PHILADELPHIA (AP)--Leaders of Roman Catholic religious orders said they could keep young people safe from sexually abusive priests, rejecting criticism from victims' advocates who say the groups are too protective of errant clergy.
The Rev. Canice Connors, a Conventual Franciscan who has overseen treatment for sexually abusive priests, said critics were ignoring data indicating that some offenders can be treated.
Referring to victims, Connors said, ``we clearly have received the message of their fear. We have also responded adequately.''
Connors was attending the Conference of Major Superiors of Men, an association of the heads of orders. It is evaluating how the sex abuse policy approved by U.S. bishops in June should be adapted for religious communities. About 15,000 of the nation's 46,000 priests belong to orders such as the Jesuits and Benedictines.
The Survivors Network of Those Abused by Priests said they feared the groups would not protect children because they have said their errant members were still like family and deserved compassion.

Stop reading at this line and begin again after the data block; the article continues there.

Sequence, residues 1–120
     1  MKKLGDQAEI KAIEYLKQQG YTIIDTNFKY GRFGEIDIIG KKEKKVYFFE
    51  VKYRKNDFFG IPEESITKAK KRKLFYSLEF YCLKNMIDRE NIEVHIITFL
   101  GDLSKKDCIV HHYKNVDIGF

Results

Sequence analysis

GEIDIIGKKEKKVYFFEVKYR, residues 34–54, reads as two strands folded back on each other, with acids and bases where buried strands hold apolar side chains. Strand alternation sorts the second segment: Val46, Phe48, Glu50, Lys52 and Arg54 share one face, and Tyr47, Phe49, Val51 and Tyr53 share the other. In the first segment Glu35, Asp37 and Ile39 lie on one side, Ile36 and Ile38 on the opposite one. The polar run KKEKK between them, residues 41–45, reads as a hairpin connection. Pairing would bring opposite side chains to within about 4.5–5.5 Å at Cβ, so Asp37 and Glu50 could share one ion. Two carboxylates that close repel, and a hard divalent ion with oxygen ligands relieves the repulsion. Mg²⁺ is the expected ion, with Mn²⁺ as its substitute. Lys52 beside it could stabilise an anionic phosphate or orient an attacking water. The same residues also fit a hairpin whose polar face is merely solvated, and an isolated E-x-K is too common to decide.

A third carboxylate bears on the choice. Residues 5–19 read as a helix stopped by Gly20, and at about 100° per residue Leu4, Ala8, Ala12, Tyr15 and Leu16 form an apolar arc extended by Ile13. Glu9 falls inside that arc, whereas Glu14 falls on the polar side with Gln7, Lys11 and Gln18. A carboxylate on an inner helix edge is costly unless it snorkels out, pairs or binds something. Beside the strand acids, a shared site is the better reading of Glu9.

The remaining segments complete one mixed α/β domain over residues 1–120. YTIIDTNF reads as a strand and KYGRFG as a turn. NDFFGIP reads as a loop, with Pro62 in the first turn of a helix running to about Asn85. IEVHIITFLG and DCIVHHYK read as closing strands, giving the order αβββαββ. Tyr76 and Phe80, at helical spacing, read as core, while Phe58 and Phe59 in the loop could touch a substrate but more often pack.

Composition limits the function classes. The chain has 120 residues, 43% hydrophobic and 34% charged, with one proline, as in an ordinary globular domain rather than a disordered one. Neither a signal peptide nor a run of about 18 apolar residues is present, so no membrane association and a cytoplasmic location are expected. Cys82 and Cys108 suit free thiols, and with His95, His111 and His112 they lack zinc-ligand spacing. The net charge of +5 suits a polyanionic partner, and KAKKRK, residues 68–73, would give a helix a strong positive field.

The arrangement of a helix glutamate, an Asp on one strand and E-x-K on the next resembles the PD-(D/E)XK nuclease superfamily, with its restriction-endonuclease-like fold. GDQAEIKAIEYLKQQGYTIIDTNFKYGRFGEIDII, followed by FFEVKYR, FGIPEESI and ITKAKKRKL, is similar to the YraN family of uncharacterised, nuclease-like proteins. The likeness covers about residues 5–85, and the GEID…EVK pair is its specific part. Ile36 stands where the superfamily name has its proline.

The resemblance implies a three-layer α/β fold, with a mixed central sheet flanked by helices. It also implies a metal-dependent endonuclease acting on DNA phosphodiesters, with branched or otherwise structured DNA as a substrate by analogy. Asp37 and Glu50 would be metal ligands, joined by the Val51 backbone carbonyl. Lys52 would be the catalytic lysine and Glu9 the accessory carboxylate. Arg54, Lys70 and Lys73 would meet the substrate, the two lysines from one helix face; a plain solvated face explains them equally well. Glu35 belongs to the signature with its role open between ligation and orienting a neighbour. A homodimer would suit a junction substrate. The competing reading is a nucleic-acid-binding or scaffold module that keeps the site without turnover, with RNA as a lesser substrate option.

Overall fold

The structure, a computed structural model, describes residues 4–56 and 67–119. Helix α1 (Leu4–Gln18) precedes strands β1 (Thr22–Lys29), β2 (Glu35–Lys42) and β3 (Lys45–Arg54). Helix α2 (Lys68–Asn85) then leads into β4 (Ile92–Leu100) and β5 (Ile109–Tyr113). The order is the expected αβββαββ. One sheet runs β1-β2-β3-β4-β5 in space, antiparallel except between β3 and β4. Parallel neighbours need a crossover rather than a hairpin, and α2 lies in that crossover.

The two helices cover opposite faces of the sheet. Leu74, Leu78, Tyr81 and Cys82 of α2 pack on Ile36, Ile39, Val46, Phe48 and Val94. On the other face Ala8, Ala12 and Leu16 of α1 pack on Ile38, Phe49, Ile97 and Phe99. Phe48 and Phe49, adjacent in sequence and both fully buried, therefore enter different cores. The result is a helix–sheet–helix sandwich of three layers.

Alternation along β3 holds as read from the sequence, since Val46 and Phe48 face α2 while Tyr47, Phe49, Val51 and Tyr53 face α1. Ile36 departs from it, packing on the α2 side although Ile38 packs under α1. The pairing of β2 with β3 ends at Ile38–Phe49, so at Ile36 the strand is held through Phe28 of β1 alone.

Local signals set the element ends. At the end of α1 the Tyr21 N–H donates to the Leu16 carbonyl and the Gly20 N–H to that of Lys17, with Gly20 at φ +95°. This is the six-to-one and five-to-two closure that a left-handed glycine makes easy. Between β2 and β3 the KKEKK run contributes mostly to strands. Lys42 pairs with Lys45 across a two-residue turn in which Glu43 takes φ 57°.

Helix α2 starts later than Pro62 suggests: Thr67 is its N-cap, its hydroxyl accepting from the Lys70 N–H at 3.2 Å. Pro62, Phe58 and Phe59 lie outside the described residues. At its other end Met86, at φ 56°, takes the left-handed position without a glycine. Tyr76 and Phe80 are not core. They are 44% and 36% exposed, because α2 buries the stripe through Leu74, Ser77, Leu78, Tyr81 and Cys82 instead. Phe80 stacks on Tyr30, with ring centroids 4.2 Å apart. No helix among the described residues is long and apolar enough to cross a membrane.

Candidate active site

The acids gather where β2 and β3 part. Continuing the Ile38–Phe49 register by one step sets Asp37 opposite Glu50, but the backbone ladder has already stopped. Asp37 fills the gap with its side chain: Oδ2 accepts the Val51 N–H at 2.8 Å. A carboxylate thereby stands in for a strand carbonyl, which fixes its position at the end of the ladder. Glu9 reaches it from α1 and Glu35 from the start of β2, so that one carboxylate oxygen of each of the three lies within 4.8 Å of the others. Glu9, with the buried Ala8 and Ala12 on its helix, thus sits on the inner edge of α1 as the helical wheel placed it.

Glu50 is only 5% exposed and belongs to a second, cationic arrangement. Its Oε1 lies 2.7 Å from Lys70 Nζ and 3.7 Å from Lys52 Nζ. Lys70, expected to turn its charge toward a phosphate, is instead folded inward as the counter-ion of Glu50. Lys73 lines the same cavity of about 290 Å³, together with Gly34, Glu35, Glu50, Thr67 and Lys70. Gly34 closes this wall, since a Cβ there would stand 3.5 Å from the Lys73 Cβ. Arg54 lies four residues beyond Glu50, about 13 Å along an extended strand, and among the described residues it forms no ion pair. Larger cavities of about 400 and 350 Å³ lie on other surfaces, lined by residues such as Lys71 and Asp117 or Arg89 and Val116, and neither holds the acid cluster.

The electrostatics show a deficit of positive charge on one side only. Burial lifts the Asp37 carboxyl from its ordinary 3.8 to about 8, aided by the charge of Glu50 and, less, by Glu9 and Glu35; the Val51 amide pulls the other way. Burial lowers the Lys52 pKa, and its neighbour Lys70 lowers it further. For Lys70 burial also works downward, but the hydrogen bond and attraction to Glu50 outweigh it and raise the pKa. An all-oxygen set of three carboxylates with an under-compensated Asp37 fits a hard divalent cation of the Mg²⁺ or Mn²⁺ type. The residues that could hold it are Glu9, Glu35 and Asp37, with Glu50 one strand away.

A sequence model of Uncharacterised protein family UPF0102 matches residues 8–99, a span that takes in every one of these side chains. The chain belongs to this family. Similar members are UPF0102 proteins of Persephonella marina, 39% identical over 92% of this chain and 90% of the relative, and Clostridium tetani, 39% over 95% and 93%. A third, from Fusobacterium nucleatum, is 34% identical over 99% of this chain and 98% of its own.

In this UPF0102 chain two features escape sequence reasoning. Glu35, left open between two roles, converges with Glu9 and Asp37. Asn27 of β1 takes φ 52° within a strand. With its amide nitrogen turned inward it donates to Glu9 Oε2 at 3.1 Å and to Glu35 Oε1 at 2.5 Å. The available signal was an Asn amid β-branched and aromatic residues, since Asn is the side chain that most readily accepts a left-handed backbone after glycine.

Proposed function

``I would sooner find a jail cell than a place for a sex offender in my family,'' said Mark Serrano, a SNAP national board member.
Members of SNAP had asked to address the conference, but Connors - also the conference president - said he heard the group speak to the bishops and felt this week's event should focus on making a plan.
SNAP organized a news conference at the hotel where the meeting was being held. Conference workers saw Serrano and the others in the lobby and invited them to use a media room.
The Rev. Ted Keating, a Marist and the conference executive director, said the orders, like the bishops, would bar abusers from face-to-face contact with parishioners. But the religious communities said they would find roles for the men in administrative positions far from children. The bishops decided that any church work was too risky for offenders.
One-third of priests from religious orders work in parishes, with the rest serving in hospitals, schools and other ministries.
Under church law, bishops have authority over religious-order clergy working in dioceses. Dozens of the estimated 300 clergymen taken off duty this year because of abuse claims are members of religious communities.
The conference ends Sunday.